Since the deadly pathogen SARS-CoV-2 started wreaking havoc across the globe, there has been an unprecedented race to develop vaccines to deal with the pandemic.
Because of notable scientific progress achieved in the recent decades, researchers in several countries could develop vaccines in a record time. Some of those have got clearance from the World Health Organisation (WHO) and a few others are awaiting the nod.
The pandemic has created a desperate situation for both rich and poor nations. But as always the latter remain far more vulnerable. They need the support of the nations that are affluent and technically and scientifically advanced.
Lately, China has emerged as a strong rival of the USA and its allies in Europe and Asia in trade and politics. China has been deeply engaged in creating its sphere of influence in Asia, Africa and Latin America and it has achieved notable access in its mission. Its Belt and Road Initiative remains at the forefront.
Even during the ongoing desperate time, the vaccine is being used as a tool in diplomacy. China and India are the two main actors in it. However, China has proved itself a superior player in this particular act.
Bangladesh caught up in the vaccine rivalry, is now in a difficult situation as far as its vaccination programme is concerned. Many tend to blame the government for failing to make a timely decision and depending on a single source for vaccine procurement.
It all happened in August last year. Chinese biotech company Sinovac had approached Bangladesh to do the phase three trial of its vaccine in Bangladesh and it was almost finalised that the International Centre for Diarrhoeal Diseases, Bangladesh (ICDDR, B) would conduct the trial. However, things took a different turn following a 'sudden' visit of a high-profile official of the Indian government. A section of the media started raising the safety issue of the vaccine trial and enthusiasm among the relevant government agencies on the vaccine trial issue also waned. Amid all these developments, the Beximco and the Serum Institute of India (SII) signed a deal on Bangladesh's priority access to the AstraZeneca vaccine which was under trial then.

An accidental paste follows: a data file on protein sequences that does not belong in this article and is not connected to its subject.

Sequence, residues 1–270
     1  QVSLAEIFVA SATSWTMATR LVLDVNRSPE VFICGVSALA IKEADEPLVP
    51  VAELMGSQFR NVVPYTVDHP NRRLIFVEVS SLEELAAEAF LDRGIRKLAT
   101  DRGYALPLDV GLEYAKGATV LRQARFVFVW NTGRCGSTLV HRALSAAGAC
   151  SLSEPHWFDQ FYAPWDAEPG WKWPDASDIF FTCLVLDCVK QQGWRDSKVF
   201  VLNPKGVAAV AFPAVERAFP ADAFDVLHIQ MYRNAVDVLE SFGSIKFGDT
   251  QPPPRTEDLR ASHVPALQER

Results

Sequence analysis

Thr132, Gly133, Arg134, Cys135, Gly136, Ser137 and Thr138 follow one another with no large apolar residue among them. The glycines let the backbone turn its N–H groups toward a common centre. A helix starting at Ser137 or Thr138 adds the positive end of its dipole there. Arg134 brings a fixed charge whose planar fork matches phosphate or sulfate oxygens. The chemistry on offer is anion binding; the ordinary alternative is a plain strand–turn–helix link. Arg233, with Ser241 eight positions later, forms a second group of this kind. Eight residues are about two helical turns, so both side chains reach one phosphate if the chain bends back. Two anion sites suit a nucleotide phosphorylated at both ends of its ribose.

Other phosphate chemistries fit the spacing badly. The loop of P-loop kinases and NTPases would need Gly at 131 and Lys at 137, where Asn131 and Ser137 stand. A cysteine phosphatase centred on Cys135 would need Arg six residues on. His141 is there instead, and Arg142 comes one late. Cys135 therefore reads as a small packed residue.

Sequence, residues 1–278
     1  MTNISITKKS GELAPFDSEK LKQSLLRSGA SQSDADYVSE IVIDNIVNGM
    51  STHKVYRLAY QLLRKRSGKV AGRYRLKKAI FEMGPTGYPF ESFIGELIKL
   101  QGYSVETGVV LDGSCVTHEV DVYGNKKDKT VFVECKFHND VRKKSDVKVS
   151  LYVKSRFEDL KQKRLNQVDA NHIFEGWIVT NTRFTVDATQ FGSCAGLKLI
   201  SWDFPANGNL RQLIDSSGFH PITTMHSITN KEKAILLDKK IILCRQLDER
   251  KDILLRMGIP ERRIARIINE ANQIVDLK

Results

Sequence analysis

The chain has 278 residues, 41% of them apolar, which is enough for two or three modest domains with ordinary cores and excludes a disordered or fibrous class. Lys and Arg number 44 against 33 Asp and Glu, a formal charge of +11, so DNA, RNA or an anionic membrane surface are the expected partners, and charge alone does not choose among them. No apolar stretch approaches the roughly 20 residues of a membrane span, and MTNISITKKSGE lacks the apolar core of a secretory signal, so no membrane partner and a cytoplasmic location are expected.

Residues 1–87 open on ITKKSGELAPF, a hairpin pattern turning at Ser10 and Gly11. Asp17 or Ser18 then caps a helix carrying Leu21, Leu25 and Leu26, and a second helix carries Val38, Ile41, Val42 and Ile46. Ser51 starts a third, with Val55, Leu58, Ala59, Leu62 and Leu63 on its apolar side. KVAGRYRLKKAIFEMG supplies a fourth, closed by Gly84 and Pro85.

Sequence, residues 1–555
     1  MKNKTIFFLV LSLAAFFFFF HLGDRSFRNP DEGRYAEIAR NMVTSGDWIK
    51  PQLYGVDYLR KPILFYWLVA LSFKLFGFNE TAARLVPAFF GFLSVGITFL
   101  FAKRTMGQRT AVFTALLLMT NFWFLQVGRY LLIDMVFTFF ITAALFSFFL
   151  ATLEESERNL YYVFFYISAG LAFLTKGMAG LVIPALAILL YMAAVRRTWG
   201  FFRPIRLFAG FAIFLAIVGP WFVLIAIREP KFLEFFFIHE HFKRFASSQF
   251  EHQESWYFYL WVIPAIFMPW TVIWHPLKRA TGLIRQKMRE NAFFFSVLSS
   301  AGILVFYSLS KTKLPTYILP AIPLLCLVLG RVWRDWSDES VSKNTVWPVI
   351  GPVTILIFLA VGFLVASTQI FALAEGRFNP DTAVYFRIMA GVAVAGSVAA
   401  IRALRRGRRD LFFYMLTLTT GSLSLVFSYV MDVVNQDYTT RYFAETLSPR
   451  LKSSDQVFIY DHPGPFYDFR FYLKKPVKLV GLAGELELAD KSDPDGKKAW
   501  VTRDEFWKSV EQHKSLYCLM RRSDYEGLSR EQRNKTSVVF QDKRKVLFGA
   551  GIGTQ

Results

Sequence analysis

Bangladesh, however, approached the Sinovac in October last year to start the trial. But the Chinese company wanted Bangladesh to bear a part of the cost of the phase-3 trial. The government declined the Chinese proposal and that was the end of it.
What happened next is known to everybody. A well-organised vaccination programme started on February 07 last with the Covishield, the brand name of AstraZeneca vaccine being produced by the SII. The Indian government delivered 3.2 million doses of vaccine as a gift to Bangladesh and the Serum 7.0 million in two instalments.
Now nearly 1.5 million people are unlikely to get the second jab on time as SII has stopped its supply of vaccine though Bangladesh has paid in full for 30 million doses of vaccine. Uncertainty over receiving the remaining vaccines looms large.
In such a situation, China has stepped in again. A deal is about to be signed within a few days with the Sinophram under which it would supply 30 million doses of vaccine within the next six months. Bangladesh is exploring the possibility of signing with another Chinese company to procure another 30 million doses of vaccines. Talks are on to start the production of a Chinese vaccine locally.
The SII, the world's largest vaccine producer, had made commitments far excess of its capacity. Moreover, the company, possibly, was not prepared for the ban imposed by the Indian government on vaccine export.
As far as vaccine diplomacy in South Asia is concerned, China has got an upper hand over its rival India. The devastating second wave has done all the damage to its ambition.
Last but not the least, Bangladesh's failure to secure even a small part of 80 million doses of AstraZeneca vaccines that the USA is sending to affected countries might be considered its diplomatic failure by some.